30. Clark DJ, Ting LH, Zajac FE, Neptune RR, Kautz SA: Merging of healthy motor modules predicts reduced locomotor performance and muscle coordination complexity post-stroke. J Neurophysiol 2010, 103: 844-857. 10.1152/jn.00825.2009PubMedPubMed CentralView ArticleGoogle Scholar
  31. Klingspor V, Demiris J, Kaiser M: Human-robot communication and machine learning. Appl Artif Intell 1997, 11: 719-746.Google Scholar
  32. Reed K, Peshkin M, Hartmann MJ, Grabowecky M, Patton J, Vishton PM: Haptically linked dyads: are two motor-control systems better than one? Psychol Sci 2006, 17: 365-366. 10.1111/j.1467-9280.2006.01712.xPubMedView ArticleGoogle Scholar
  33. Groten R, Feth D, Goshy H, Peer A, Kenny DA, Buss M: Experimental Analysis of Dominance in Haptic Collaboration. Proceedings of the IEEE International Symposium on Robot and Human Interactive Communication 2009, 723-729.Google Scholar
  34. Schubö A, Vesper C, Wiesbeck M, Stork S: From Movement Coordination in Applied Human-Human and Human-Robot Interaction. HCI and Usability in Medicine. Volume 4799 2007, 143-154.Google Scholar
  35. Glasauer S, Huber M, Basili P, Knoll A, Brandt T: Interacting in Time and Space: Investigating Human-Human and Human-Robot Joint Action. Proceedings of the IEEE International Symposium on Robot and Human Interactive Communication 2010, 252-257.View ArticleGoogle Scholar
  36. Jarrassé N, Charalambous T, Burdet E: A framework to describe, analyze and generate interactive motor behaviors. PLoS One 2012, 7: 1-13.View ArticleGoogle Scholar
  37. Reinkensmeyer DJ, Lum PS, Lehman SL: Human control of a simple two-hand grasp. Biol Cybern 1992, 67: 553-564. 10.1007/BF00198762PubMedView ArticleGoogle Scholar
  38. Swinnen SP, Wenderoth N: Two hands, one brain: cognitive neuroscience of bimanual skill. Trends Cogn Sci 2004, 8: 18-25. 10.1016/j.tics.2003.10.017PubMedView ArticleGoogle Scholar
  39. Swinnen SP: Intermanual coordination: from behavioral principles to neural-network interactions. Nat Rev Neurosci 2002, 3: 348-359. 10.1038/nrn807PubMedView ArticleGoogle Scholar
  40. Obhi SS: Bimanual coordination: an unbalanced field of research. Motor Control 2004, 8: 111-120.PubMedGoogle Scholar
  41. Goodrich MA, Schultz AC: Human-robot interaction: a survey. FNT Human-Computer Interaction 2007, 1: 203-275. 10.1561/1100000005View ArticleGoogle Scholar
  42. Wegner N, Zeaman D: Team and individual performances on a motor learning task. J Gen Psychol 1956, 55: 127-142. 10.1080/00221309.1956.9920301View ArticleGoogle Scholar
  43. Melendez-Calderon A, Komisar V, Ganesh G, Burdet E: Classification of Strategies for Disturbance Attenuation in Human-Human Collaborative Tasks. Proceedings of the International IEEE EMBS Conference 2011, 1-4.Google Scholar
  44. Powell D, O’Malley MK: The task-dependent efficacy of shared-control haptic guidance paradigms. IEEE Trans Haptics 2012, 5: 208-219.PubMedView ArticleGoogle Scholar
  45. Todorov E, Jordan MI: Optimal feedback control as a theory of motor coordination. Nat Neurosci 2002, 5: 1226-1235. 10.1038/nn963PubMedView ArticleGoogle Scholar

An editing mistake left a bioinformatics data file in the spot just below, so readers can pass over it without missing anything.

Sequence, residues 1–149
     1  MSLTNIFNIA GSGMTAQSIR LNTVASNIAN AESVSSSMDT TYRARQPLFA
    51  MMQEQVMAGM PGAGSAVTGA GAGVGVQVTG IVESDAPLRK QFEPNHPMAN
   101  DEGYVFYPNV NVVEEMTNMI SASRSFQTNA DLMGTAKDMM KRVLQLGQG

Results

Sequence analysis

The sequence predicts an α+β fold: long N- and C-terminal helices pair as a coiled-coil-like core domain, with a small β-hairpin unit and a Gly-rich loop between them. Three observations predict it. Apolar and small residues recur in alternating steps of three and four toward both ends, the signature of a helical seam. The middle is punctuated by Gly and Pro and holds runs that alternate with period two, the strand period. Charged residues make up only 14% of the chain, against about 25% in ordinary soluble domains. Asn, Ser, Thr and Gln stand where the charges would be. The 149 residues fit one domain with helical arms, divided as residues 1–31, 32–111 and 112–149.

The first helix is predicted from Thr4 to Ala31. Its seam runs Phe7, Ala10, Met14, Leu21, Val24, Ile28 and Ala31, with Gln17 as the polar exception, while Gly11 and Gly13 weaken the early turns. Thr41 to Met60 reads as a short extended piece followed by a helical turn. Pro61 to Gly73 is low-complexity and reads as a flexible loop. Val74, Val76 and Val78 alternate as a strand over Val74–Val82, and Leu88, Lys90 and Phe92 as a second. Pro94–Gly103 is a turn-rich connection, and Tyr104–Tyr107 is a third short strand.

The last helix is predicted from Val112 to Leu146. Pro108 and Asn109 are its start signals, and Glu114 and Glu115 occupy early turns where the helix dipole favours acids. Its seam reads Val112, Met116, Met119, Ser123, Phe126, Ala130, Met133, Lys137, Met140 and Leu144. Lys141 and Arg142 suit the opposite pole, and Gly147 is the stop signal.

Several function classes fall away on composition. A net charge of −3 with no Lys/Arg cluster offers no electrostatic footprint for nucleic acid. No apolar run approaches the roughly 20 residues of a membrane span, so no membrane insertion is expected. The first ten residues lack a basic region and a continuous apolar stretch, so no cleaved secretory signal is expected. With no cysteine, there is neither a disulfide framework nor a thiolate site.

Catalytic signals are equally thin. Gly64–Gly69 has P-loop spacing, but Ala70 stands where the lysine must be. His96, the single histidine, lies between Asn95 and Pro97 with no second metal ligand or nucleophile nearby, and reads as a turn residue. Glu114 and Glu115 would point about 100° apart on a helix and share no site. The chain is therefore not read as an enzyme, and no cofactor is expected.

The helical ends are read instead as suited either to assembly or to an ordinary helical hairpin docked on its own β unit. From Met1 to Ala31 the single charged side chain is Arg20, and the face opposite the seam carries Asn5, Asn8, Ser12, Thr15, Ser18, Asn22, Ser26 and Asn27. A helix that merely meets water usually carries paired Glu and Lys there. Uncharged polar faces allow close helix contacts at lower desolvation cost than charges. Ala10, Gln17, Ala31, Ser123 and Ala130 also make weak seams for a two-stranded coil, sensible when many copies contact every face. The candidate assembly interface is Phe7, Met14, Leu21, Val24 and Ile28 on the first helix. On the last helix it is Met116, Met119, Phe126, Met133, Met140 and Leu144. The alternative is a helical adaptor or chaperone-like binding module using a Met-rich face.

46. Scott SH: Optimal feedback control and the neural basis of volitional motor control. Nat Rev Neurosci 2004, 5: 532-546.PubMedView ArticleGoogle Scholar
  47. Wei Y, Bajaj P, Scheidt R, Patton J: Visual Error Augmentation for Enhancing Motor Learning and Rehabilitative Relearning. Proceedings of the International Conference on Rehabilitation Robotics 2005, 505-510.Google Scholar
  48. Patton JL, Wei YJ, Bajaj P, Scheidt RA: Visuomotor learning enhanced by augmenting instantaneous trajectory error feedback during reaching. PLoS One 2013, 8: 1-6.Google Scholar
  49. Manoel E d J, Connolly KJ: Variability and the development of skilled actions. Int J Psychophysiol 1995, 19: 129-147. 10.1016/0167-8760(94)00078-SView ArticleGoogle Scholar
  50. Ikeura R, Inooka H: Cooperative Force Control in Carrying an Object by Two Humans. Proceedings of the IEEE International Conference on Systems, Man and Cybernetics 1995, 2307-2311.Google Scholar
  51. Rahman MM, Ikeura R, Mizutani K: Control Characteristics of Two Humans in Cooperative Task and Its Application to Robot Control. Proceedings of the International Conference on Industrial Electronics, Control and Instrumentation 2000, 1773-1778.Google Scholar
  52. Basdogan C, Ho C-H, Srinivasan MA, Slater M: An experimental study on the role of touch in shared virtual environments. ACM Trans Comput Hum Interact 2000, 7: 443-460. 10.1145/365058.365082View ArticleGoogle Scholar
  53. Sallnas E, Zhai S: Collaboration meets Fitts’ law: Passing Virtual Objects with and without Haptic Force Feedback. Proceedings of INTERACT Conference on Human-Computer Interaction 2003, 97-104.Google Scholar
  54. Gentry S, Feron E, Murray-Smith R: Human-Human Haptic Collaboration in Cyclical Fitts’ Tasks. Proceedings of the International Conference on Intelligent Robots and Systems 2005, 3402-3407.Google Scholar
  55. van der Wel RPRD, Knoblich G, Sebanz N: Let the force be with us: Dyads exploit haptic coupling for coordination. J Exp Psychol Hum Percept Perform 2011, 37: 1420-1431.PubMedView ArticleGoogle Scholar